Island of the Blue Dolphins: Analyzing Multimedia Elements Continued
Lesson 2 of 5
Objective: SWBAT describe how multimedia elements contribute to the tone, meaning & beauty of a text.
Since this is a continuation of yesterday's lesson, the Cue Set is very short. The purpose is to review something that we learned yesterday and get our brains focused on today's lesson.
Scholars take out their interactive foldables that they made yesterday. They review the foldable by doing a quick rally robin with the partner who is sitting next to them to name different multimedia elements that we encounter in text. Then, they explain the different ways that authors might use these elements.
Here is an example of the Rally Robin:
Finally, I take 2 friends from my cup and 2 volunteers to share what they or their partner said.
During the teaching strategy today we do a cloze reading of chapter 17. I find that cloze readings help with re-engagement when scholars are reading a novel. All scholars love being read aloud to and I really try to dramatize the readings. Scholars follow along and fill-in-the-blanks as I pause over certain words. This helps me know that they are following along.
As we read, I model how to record my thinking about the multimedia elements that the author chose to use. I record my thinking on my graphic organizer. Here is a sample of one student's graphic organizer.
Since we began this skill yesterday, we jump right into independent practice after the teaching strategy. I must see all small groups today, so today will be a bit longer. As scholars come to small groups, they will work on their checklist work for the week as well as finish reading chapter 18.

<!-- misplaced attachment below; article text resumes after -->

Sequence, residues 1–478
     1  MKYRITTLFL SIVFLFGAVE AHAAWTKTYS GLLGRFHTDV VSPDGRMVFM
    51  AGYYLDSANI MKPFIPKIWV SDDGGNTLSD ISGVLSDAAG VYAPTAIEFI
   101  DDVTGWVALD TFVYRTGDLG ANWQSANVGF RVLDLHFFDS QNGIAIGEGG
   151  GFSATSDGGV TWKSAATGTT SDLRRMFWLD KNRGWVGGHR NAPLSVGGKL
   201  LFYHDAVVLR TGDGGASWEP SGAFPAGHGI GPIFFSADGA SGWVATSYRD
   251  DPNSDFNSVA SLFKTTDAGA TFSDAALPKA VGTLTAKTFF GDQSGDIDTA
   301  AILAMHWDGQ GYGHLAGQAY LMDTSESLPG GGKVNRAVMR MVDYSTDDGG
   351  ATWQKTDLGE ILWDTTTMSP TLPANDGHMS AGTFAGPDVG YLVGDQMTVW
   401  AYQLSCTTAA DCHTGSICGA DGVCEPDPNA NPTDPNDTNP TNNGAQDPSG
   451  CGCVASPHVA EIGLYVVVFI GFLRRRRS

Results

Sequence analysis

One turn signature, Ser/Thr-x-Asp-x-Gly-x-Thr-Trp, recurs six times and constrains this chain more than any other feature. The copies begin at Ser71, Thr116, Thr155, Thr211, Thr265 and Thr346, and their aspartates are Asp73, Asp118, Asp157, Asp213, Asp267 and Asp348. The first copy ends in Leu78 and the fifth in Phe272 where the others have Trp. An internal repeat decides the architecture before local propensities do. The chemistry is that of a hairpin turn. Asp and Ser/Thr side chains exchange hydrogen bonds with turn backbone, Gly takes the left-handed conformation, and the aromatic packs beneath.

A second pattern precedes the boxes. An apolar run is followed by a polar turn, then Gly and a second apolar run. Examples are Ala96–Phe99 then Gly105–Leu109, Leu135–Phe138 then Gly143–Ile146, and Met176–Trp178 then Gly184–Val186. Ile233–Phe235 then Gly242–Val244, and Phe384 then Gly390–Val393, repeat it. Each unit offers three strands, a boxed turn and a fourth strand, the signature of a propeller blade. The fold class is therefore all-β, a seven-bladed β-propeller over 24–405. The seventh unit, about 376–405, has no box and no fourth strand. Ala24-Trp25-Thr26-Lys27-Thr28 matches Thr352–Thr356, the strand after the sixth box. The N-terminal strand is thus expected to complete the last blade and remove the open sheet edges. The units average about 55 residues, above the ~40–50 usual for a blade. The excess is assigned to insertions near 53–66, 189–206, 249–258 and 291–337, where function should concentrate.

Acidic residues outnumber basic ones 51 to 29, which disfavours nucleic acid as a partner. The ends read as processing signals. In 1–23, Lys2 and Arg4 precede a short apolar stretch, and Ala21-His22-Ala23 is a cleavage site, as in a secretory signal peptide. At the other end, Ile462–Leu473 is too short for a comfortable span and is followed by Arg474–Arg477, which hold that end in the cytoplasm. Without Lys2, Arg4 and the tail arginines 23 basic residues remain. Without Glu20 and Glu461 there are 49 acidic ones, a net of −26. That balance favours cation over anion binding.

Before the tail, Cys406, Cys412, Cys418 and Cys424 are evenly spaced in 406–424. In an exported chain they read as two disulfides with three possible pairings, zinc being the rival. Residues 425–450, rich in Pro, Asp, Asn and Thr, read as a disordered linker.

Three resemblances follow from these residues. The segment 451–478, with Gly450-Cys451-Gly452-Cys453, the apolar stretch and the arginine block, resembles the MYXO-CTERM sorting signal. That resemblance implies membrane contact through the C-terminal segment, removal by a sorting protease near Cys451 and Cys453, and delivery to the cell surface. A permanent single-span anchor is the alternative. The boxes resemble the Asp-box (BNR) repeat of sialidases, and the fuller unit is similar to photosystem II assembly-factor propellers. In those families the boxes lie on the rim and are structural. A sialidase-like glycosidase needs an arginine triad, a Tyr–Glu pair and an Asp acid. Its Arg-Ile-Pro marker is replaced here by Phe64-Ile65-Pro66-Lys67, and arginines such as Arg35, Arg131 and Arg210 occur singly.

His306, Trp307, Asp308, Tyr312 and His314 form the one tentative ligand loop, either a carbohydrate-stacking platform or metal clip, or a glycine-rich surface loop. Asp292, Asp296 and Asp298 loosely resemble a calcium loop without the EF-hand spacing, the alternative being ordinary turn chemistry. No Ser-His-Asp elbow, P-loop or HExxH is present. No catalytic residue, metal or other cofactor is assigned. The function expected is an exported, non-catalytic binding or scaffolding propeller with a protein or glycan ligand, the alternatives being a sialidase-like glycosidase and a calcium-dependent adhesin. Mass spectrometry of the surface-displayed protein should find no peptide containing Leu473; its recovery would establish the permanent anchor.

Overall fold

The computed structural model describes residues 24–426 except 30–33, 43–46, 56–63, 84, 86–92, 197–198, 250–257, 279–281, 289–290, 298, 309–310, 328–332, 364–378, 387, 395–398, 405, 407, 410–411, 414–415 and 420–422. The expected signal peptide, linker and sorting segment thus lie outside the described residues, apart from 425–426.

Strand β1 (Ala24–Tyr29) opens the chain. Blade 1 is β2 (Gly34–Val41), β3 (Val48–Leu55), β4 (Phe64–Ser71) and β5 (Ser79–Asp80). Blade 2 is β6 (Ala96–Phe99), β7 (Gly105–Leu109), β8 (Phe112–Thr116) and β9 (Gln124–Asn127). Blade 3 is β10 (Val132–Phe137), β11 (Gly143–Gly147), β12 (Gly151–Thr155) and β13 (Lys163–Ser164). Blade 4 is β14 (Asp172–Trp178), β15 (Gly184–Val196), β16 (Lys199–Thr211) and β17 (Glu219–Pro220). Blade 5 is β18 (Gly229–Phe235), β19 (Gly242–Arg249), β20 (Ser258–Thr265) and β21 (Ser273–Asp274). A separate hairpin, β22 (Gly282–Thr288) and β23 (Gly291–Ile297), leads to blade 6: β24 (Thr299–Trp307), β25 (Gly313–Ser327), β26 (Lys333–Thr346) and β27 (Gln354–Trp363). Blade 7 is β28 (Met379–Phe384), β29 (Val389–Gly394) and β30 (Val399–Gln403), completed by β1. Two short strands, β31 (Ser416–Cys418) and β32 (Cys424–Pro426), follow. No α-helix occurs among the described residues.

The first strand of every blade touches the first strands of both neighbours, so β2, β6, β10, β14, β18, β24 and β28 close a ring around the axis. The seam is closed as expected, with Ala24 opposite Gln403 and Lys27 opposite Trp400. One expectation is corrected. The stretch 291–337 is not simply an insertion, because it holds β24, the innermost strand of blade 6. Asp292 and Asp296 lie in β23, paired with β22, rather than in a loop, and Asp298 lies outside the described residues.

During this time scholars rotate through 3 stations. I start the time by reviewing our checklist items for the week and explicitly state what should be completed by the end of the day. This holds scholars accountable to their work thereby making them more productive. Then, I give scholars 20 seconds to get to the place in the room where they will be for the first rotation. The first scholars who are there with all materials they need receive additions on their paychecks or positive PAWS.
During the rotations for this lesson, my small group objective today is to analyze multimedia elements in books that are on each group's highest instructional level. Scholars read a portion of the same book (different for each group depending on reading level, but the same text is read in each group). We practice recording our thinking on dry erase boards to use a different mode of recording and to keep things a little fresh.
The pink group will continue student-led text talk groups. Their focus question will depend upon the text they selected and the part that they read. They are always expected to use quotes to support their answer.
After the first rotation, I do a rhythmic clap to get everyone's attention. Scholars place hands on head and eyes on me so I know they are listening. Then they point to where they go next. I give them 20 seconds to get there. Again, scholars who are at the next station in under 20 seconds with everything they need receive a positive PAW or a paycheck addition. We practice rotations at the beginning of the year so scholars know if they are back at my table, they walk on the right side of the room, if they are with the ELL teacher, they walk on the left side of the room and if they are at their desks, they walk in the middle of the room. This way we avoid any collisions.
At the end of our rotation time I give scholars 20 seconds to get back to their desks and take out materials needed for the closing part of our lesson. Timing transitions helps to make us more productive and communicates the importance of our learning time.